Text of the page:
+612 9045 4394
Energy and the English Industrial Revolution - E. A. Wrigley

Energy and the English Industrial Revolution


Published: 19th August 2010
RRP $41.95
This title is not in stock at the Booktopia Warehouse and needs to be ordered from our supplier.
Click here to read more about delivery expectations.

The industrial revolution transformed the productive power of societies. It did so by vastly increasing the individual productivity, thus delivering whole populations from poverty. In this new account by one of the world's acknowledged authorities the central issue is not simply how the revolution began but still more why it did not quickly end. The answer lay in the use of a new source of energy. Pre-industrial societies had access only to very limited energy supplies. As long as mechanical energy came principally from human or animal muscle and heat energy from wood, the maximum attainable level of productivity was bound to be low. Exploitation of a new source of energy in the form of coal provided an escape route from the constraints of an organic economy but also brought novel dangers. Since this happened first in England, its experience has a special fascination, though other countries rapidly followed suit.

'This book has changed the way I see the world. Smart, engaging and beautifully written, Wrigley's study of the Industrial Revolution casts a fascinating light on current energy questions. If you want to understand how our dependency on fossil fuels began and what we might do to escape it, you must read this book.' George Monbiot
'Here, Tony Wrigley develops the central themes that have characterized his distinctive contribution to the economic transformation of England. There is no better account of the role that the energy revolution played in the escape from the constraints of the Malthusian pre-industrial economy.' Nicholas Crafts, University of Warwick
'Tony Wrigley is one of the true Grand Men of the economic history profession. In this book he analyzes in depth the role of energy supplies in the emergence of modern economic growth and thus strikes a fascinating and most timely link between economic history and contemporary issues of energy and environment. Energy economics are of central importance to any study of economic change, especially when supported by the breadth of the learning underlying this book.' Joel Mokyr, Northwestern University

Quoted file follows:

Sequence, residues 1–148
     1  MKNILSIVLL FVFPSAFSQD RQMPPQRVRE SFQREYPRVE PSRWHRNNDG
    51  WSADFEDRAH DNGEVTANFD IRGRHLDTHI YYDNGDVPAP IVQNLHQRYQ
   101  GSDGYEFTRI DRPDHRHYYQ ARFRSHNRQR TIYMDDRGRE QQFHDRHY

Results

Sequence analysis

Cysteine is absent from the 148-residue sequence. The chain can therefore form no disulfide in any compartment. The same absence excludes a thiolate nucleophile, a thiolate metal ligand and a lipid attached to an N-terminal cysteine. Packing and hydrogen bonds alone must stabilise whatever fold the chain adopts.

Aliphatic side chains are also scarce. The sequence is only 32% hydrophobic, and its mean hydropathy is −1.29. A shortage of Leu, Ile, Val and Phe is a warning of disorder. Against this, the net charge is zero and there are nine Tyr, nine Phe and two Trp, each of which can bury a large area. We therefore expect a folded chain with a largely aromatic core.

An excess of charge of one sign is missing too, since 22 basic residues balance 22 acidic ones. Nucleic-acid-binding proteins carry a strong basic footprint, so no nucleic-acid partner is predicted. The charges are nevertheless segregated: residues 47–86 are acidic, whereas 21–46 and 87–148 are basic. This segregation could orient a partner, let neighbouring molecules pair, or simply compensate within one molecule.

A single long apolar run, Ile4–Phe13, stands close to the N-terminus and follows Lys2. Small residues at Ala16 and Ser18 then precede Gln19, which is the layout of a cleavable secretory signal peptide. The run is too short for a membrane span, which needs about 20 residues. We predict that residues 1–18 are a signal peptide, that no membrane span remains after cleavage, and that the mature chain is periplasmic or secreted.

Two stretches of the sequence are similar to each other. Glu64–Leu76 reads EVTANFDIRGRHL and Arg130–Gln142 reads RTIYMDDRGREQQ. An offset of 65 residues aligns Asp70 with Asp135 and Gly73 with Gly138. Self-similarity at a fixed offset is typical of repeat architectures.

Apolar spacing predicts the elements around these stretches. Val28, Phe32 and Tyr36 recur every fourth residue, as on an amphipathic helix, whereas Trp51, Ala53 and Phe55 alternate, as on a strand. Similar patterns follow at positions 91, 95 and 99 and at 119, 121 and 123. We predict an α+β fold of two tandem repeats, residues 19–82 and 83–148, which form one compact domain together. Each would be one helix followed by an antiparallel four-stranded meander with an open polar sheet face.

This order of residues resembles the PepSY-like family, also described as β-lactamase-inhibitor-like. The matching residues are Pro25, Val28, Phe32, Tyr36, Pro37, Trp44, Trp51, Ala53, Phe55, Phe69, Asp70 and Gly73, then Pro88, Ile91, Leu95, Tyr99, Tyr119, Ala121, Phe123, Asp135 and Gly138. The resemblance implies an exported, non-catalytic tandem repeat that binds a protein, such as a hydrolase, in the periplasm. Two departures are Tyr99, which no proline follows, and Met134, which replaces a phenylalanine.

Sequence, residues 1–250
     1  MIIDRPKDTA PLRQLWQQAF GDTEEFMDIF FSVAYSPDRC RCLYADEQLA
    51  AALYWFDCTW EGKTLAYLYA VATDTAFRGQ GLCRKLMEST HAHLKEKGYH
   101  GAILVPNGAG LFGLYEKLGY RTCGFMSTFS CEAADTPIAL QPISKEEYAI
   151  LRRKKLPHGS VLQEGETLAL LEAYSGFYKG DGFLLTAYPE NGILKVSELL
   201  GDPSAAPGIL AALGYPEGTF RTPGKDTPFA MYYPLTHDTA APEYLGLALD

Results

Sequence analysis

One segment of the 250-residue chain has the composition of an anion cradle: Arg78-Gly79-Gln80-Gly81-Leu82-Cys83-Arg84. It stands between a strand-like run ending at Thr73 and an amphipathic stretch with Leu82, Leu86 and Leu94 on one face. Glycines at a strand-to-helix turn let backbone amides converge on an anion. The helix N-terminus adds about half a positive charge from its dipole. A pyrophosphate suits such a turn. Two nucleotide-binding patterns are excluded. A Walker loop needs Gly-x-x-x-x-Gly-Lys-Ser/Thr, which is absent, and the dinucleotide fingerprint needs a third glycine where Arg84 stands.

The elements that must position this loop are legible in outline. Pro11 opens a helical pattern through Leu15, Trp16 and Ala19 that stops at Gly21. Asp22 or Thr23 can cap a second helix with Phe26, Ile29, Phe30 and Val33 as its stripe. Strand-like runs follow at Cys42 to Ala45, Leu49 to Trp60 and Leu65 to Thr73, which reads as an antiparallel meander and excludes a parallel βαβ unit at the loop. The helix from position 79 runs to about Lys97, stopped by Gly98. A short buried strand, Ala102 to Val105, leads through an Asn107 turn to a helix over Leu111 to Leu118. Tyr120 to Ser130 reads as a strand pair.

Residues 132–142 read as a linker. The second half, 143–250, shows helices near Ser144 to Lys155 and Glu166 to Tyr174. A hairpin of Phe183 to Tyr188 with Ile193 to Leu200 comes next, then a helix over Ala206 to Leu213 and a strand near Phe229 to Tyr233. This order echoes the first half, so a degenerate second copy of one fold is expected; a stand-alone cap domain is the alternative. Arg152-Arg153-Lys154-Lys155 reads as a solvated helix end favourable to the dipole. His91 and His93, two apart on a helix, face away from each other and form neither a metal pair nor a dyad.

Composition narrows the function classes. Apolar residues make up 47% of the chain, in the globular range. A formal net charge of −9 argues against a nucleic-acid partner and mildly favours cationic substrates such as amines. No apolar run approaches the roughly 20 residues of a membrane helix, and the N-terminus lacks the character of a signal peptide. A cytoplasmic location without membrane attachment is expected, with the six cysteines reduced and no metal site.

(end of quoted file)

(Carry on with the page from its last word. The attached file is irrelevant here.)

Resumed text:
'Whether wind or solar power can ever provide the energy needed in an increasingly energy-conscious and insecure world is debatable but this excellent book provides a historical perspective that is either ignored or given little credence in contemporary debates of considerable subtlety and relevance. This is a book not to be ignored.' The Historical Association (history.org.uk)
'... an accessible and comprehensive guide to his interpretation of the industrial revolution. It offers at once a clear and compelling argument for the centrality of energy in the historical rise of industrial societies and an opportunity to meditate on the future sustainability of an economic order founded on fossil fuels.' Jan de Vries, Economic History Review
'... an often brilliant and always perceptive presentation of some of the key conclusions from every decade of his half-century of academic research to date.' Michael Anderson, Population Studies

List of figuresp. x
List of tablesp. xi
Acknowledgementsp. xiii
Introductionp. 1
Opening Pandora's jarp. 1
Overview of the nature and structure of the bookp. 2
A sketch of the argumentp. 7
The limits to growth in organic economiesp. 9
The views of the classical economistsp. 10
The energy constraintp. 13
Production and reproductionp. 17
Conclusionp. 21
The transition from an organic to an energy-rich economyp. 26
Agricultural growth, industrial growth, and transport improvementsp. 28
Manpower productivity in agriculturep. 33
The energy revolutionp. 36
Conclusionp. 47
Favourable developmentsp. 53
Agricultural change and urbanisationp. 55
Urban growthp. 58
The consumer revolutionp. 68
The agricultural systemp. 73
The rise in agricultural outputp. 78
The London effectp. 88
Conclusionp. 90
Energy and transportp. 91
The history of energy consumptionp. 91
Coal production and transport provisionp. 101
Other improvements in transport facilitiesp. 108
Conclusionp. 110
Occupational structure, aggregate income, and migrationp. 113
Occupational structure and migrationp. 113
Occupational change and aggregate incomep. 127
Aggregate income trends and migrationp. 135
Conclusionp. 138
Production and reproductionp. 140
The components of population changep. 144
England in a wider setting: the concomitants of faster population growthp. 152
Regional diversityp. 163
Conclusionp. 172
Retrospect of Part II as a wholep. 175
What set England apart from her neighboursp. 179
The timing and nature of change in the industrial revolutionp. 181
Preliminary considerationsp. 181
Relative growth ratesp. 187
The escape from the constraints of an organic economyp. 193
The changing character of the growth surgep. 196
Why the growth surge continuedp. 198
A summary of the character and timing of the changes which took placep. 205
Modernisation and the industrial revolutionp. 211
Introductory commentp. 211
England and the Netherlandsp. 216
The relationship between industrialisation and modernisationp. 225
National entities and lopsided growthp. 228
Conclusionp. 232
Retrospectivep. 237
The industrial revolution and energyp. 239
The energy revolutionp. 239
Pandora's jar againp. 245
Appendixp. 251
Bibliographyp. 258
Indexp. 268
Table of Contents provided by Ingram. All Rights Reserved.

ISBN: 9780521131858
ISBN-10: 0521131855
Audience: Professional
Format: Paperback
Language: English
Number Of Pages: 288
Published: 19th August 2010
Publisher: Cambridge University Press
Country of Publication: GB
Dimensions (cm): 22.8 x 15.2  x 1.4
Weight (kg): 0.47
Edition Number: 1